Thus, the Creator deliberately made them unable to overcome, so they would have Kelim.
It follows that the hardening of the heart was done to Pharaoh in order to make room for a need for the upper lights. If they did not have hard work, they would not have the need for the great lights.
One who is going to fight against someone, with the hand or with a stick, the other has no need to use a tank or a cannon against him. For this reason, in order for the lower ones to have a need to receive great lights, they must be faced with strong Klipot [shells/peels], which a person must draw great lights in order to break. Otherwise, he would be content with little. It follows that Pharaoh’s hardening of the heart causes them to draw great lights.
By this we will understand what we asked, “Did He set the tokens in order for the nations to know that the Creator can do miracles and wonders? That is, did He make the hardening of the heart in order to be respected? Does the Creator have grievances against His creations, meaning does something against the will of the creatures? After all, the whole purpose of creation is to do good to His creations, and here it turns out the opposite, that He made the hardening of the heart to the creatures so everyone would see His greatness, that He is almighty.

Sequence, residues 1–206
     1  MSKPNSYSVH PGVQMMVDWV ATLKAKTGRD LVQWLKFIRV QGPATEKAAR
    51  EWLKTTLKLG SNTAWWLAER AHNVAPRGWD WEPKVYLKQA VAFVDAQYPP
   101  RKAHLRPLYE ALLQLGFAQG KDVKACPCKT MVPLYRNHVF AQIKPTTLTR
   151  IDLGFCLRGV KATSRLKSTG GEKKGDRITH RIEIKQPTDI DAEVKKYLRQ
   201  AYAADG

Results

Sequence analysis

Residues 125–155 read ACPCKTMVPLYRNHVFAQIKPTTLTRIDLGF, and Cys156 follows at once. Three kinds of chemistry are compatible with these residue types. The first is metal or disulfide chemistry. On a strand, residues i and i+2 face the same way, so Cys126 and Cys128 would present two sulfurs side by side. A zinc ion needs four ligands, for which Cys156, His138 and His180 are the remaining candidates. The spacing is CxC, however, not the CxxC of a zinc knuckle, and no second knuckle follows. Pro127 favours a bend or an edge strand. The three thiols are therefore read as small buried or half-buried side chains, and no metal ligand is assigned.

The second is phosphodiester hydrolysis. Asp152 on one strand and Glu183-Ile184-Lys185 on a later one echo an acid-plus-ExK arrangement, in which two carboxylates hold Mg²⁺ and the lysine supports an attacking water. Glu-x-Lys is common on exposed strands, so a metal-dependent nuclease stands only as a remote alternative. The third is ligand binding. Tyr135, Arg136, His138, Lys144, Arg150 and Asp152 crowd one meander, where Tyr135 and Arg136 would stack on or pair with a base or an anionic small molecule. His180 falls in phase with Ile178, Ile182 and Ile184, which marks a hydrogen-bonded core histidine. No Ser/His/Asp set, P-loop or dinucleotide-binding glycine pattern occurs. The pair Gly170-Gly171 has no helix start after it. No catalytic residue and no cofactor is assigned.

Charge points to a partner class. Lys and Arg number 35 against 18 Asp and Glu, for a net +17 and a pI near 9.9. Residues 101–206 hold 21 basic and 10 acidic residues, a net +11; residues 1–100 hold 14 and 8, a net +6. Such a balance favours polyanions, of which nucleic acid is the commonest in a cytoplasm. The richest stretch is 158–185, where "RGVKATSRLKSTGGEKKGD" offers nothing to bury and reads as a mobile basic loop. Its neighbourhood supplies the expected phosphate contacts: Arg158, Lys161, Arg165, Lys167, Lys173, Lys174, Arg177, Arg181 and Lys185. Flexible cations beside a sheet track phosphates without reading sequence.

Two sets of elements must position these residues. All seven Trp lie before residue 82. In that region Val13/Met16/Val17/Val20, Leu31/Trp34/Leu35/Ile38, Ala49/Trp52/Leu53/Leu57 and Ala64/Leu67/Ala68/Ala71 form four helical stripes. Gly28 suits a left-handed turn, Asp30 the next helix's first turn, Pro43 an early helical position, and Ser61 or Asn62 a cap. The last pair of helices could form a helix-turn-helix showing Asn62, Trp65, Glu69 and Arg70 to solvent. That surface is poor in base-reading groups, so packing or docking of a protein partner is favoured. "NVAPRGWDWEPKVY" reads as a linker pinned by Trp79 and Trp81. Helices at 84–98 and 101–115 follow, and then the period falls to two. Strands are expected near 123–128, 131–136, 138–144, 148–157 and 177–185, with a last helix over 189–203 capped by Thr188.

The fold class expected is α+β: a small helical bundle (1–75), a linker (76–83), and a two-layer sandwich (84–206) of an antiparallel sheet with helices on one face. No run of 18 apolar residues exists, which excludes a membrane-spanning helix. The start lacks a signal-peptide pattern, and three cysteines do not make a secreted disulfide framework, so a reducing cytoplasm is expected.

Now we can understand this simply. Pharaoh and Egypt refer to the governance of the will to receive that is in the creatures. In order for the creatures to need to receive the high degrees that the Creator has prepared for them, and our sages said that by their being unable to overcome their will to receive, they will awaken to Dvekut with the Creator, which came to them by merit of the patriarchs, to whom the Creator promised that their children would be rewarded with the delight and pleasure that He has prepared for the creatures, for this reason, He made the hardening of the heart, so that they would need to ask the Creator to help them. His help comes, as The Zohar says, by bestowing upon them a holy soul.